Pacesetters 2004 Featured

10:34am EDT December 8, 2003
Things move quickly and constantly in the business world. A Mass Mutual study found that CEOs of nonfamily businesses have an average tenure of four years, the same length of time that Smart Business has been recognizing its annual roster of Pacesetters.

Corporate Pittsburgh doesn't seem to experience the dramatic highs or lows or the games of musical chairs in the executive suites and boardrooms that typify business in some faster-paced markets.

Nonetheless, there have been substantial changes in assignments and direction on the part of past Pacesetters and their companies since we began back in 2000 to recognize local business luminaries for the designation.

James Liken left his post as president and CEO of Respironics Inc. this year to become its vice chairman after leading a stellar turnaround of the medical products company. Roger Byford left the CEO post at Vocollect to go back to his first love, doing research for the company's voice recognition products. Jim Cederna pursued consulting work after leaving the CEO post at Calgon Carbon.

Jerry Thompson, former director of Ketchum's Pittsburgh office, went to work at the firm's new regional office in Chicago after yet another scaling back of the office here. Frank Brooks Robinson left the helm of the Regional Industrial Development Corp. for retirement following a long and distinguished career. Not one to remain idle for long, though, Robinson was elected to chair the board of the Carnegie Institute.

Dennis Yablonsky left the Pittsburgh Digital Greenhouse to join Gov. Ed Rendell's administration. Bill Newlin gave up his post as CEO at Buchanan Ingersoll last year to join Dick's Sporting Goods, while Thomas Van Kirk succeeded him at the firm. Rick Stafford finally managed to retire as the Allegheny Conference attracted Florida's Michael Langley to take the organization's post as CEO. Internet service provider Stargate was sliced up and sold off in bankruptcy court, leaving its young founder, Marc Ruscitto, looking for a new challenge.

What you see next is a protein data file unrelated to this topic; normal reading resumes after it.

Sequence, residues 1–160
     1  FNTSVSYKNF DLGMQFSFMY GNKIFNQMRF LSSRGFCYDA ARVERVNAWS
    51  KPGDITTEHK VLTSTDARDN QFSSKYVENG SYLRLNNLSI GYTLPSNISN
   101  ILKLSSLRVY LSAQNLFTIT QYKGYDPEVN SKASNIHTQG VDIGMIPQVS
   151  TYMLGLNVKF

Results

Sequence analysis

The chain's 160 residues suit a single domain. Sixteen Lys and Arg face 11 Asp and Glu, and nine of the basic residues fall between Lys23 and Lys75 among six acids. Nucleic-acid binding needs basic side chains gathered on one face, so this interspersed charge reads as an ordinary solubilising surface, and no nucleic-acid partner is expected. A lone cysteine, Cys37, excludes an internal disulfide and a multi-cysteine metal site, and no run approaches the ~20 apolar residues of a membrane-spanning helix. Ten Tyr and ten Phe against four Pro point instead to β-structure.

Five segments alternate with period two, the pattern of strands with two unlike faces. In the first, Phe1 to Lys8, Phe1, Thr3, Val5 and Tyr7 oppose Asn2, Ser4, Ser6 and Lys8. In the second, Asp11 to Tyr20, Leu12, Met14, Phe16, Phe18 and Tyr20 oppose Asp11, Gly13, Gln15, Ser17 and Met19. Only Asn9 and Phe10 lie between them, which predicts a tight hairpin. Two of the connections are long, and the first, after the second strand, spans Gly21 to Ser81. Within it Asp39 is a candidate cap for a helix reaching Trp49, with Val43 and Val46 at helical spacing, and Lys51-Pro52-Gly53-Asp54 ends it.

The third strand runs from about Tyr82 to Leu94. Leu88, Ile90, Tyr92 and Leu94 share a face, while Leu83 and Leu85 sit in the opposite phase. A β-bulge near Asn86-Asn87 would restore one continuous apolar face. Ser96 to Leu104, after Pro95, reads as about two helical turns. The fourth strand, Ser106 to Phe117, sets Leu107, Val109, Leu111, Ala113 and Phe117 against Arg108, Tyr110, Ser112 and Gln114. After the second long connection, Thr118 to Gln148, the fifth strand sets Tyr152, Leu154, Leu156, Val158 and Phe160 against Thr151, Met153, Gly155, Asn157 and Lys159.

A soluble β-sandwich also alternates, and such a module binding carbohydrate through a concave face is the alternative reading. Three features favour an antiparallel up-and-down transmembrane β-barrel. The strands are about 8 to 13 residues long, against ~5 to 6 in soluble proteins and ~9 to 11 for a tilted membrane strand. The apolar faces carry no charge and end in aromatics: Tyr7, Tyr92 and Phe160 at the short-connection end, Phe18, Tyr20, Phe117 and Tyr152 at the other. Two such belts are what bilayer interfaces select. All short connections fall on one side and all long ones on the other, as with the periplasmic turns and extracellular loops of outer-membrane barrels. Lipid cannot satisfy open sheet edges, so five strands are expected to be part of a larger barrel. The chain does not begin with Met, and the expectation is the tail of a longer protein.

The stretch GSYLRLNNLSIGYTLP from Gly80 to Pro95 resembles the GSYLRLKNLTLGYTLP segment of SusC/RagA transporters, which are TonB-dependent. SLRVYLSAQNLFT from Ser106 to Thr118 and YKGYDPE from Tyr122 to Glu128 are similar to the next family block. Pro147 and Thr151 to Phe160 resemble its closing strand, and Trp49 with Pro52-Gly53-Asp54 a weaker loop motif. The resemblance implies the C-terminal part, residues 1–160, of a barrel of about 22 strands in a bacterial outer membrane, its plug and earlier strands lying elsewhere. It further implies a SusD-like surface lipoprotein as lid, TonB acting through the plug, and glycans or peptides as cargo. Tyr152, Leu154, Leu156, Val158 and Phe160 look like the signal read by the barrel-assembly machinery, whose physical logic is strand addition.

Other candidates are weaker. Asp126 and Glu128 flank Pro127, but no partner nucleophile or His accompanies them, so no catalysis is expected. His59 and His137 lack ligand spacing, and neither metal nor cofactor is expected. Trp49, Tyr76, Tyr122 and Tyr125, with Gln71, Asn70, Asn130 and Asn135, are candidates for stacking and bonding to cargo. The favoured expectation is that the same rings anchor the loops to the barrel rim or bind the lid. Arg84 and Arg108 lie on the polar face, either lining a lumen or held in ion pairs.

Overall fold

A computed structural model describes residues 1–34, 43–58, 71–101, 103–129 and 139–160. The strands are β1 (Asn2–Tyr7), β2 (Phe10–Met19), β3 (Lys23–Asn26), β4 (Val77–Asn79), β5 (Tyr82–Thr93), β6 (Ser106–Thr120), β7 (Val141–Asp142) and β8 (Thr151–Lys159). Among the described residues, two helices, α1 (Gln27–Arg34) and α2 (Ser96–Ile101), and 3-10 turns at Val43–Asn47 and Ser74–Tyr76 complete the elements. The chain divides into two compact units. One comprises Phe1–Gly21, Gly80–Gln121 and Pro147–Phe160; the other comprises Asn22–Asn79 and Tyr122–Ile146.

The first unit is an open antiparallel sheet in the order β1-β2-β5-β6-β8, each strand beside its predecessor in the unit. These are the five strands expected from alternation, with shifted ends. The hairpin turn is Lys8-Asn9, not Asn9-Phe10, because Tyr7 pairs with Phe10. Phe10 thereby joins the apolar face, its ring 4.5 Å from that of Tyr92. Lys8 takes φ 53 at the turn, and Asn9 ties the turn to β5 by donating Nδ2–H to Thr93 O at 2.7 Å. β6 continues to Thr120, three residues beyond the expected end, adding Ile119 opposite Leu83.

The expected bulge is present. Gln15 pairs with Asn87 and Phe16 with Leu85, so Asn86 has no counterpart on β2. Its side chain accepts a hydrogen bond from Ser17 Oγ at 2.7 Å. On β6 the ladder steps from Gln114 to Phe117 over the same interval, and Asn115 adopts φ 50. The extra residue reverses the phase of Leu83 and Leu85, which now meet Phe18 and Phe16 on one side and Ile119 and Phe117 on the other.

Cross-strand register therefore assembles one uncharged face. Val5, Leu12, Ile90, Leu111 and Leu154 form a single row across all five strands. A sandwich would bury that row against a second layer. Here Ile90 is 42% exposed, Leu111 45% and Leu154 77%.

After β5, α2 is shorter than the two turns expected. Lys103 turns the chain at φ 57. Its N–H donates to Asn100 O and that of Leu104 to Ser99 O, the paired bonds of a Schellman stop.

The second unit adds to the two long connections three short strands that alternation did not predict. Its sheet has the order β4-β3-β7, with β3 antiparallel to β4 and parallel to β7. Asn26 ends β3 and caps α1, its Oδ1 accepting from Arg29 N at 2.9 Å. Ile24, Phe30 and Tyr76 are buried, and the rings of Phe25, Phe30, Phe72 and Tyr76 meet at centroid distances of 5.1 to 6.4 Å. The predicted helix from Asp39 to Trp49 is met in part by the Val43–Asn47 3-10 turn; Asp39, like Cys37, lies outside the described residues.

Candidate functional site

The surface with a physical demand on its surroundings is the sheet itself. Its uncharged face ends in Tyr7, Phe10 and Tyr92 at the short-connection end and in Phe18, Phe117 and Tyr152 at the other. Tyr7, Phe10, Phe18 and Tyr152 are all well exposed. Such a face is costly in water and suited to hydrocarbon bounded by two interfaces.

A profoundly sad departure was the death last year of Fred Rogers, a gentle soul and gifted communicator who left an indelible mark not only on Pittsburgh, but on the entire globe.

In true Pittsburgh style, a number of Pacesetters have stayed the course at their companies. Atul Bansal, CEO of Laurel Networks, is still at it at one of a handful of dot-com era tech companies that hasn't burned through all of its cash and looks like it will make it. Andy Fraley and Dave Nelsen are managing to keep CoManage, another tech venture that raised investors' expectations into the stratosphere, viable as well. Rob Cochran has expanded the already huge #1 Cochran auto dealership in Monroeville into one of General Motors Corp.'s largest.

At Smart Business, we've come to expect a nearly inexhaustible supply of talented, dedicated business leaders in the Pittsburgh region worthy of recognition. For 2004, we've selected a group of Pacesetters that is the smallest yet, but they are individuals who exemplify the dedication, hard work and talent that resides in the best of the best.

We honor their accomplishments and extend our best wishes for their continued success, no matter how things may change.